Secret Newspaper Cabal Agenda (Sort Of) Revealed!
So what exactly were the 24 newspaper publishers who gathered in suburban Chicago yesterday talking about? We don’t know, because the meeting was held off the record and participants like the New York Times (NYT), Gannett (GCI) and Hearst aren’t talking about it. Except we do know, sort of.
We know that, in general, the papers have been talking about ways to make more money from their products, including subscriptions and microtransactions, and have been talking about this for months. And we know, via the Atlantic’s James Warren, that the subject of yesterday’s meeting was “Models to Monetize Content” and that the agenda included sessions titled “Journalism Online: Presentation on proposed service to charge for access to newspaper content and to license that content that (sic) online aggregators” and “Fair Syndication Consortium/Attributor.”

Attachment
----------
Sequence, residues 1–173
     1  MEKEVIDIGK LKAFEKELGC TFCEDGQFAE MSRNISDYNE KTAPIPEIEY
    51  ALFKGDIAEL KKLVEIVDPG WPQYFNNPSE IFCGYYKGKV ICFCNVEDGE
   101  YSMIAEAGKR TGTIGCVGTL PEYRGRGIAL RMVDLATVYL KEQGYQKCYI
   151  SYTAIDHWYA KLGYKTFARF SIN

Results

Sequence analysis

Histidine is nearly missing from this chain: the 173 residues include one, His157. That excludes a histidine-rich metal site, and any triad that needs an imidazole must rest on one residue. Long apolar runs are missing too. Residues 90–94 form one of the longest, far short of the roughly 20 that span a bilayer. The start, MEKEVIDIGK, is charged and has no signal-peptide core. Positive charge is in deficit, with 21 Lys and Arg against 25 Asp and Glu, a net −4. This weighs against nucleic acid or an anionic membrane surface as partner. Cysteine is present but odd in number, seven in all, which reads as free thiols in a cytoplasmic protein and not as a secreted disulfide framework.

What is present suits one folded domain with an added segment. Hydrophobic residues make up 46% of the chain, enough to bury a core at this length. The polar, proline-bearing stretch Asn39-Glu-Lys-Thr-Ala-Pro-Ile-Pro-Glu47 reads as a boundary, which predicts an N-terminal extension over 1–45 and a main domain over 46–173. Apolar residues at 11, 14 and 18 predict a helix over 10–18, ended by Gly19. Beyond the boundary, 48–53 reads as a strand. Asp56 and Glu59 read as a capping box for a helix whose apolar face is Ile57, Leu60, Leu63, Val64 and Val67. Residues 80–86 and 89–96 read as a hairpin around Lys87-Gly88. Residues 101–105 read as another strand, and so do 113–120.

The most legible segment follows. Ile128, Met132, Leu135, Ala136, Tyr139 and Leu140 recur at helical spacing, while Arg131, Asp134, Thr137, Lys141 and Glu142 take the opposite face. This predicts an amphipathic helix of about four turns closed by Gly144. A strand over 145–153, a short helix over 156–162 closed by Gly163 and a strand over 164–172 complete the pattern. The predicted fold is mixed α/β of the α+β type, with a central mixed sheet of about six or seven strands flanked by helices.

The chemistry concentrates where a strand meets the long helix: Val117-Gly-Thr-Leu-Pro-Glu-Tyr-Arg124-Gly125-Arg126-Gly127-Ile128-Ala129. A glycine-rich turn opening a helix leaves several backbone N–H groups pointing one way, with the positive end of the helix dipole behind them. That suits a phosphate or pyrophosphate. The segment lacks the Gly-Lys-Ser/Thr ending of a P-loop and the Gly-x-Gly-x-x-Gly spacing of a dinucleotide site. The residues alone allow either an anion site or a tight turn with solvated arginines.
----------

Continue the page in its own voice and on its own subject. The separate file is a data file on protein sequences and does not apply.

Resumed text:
That first session sounds pretty straightforward. What’s that second one about? I asked the PR firm that reps Attributor, the content-tracking service referred to in the session’s title, and it declined comment. But it did refer me to the Web page for the Fair Syndication Consortium, which it turns out is the name for the Attributor-led program that wants to get the likes of Google (GOOG), Microsoft (MSFT) and Yahoo (YHOO) to share some of the ad revenue they make when they sell ads against copyrighted content.
You can read more about that in this Wall Street Journal story published in April. See? Not so mysterious, after all.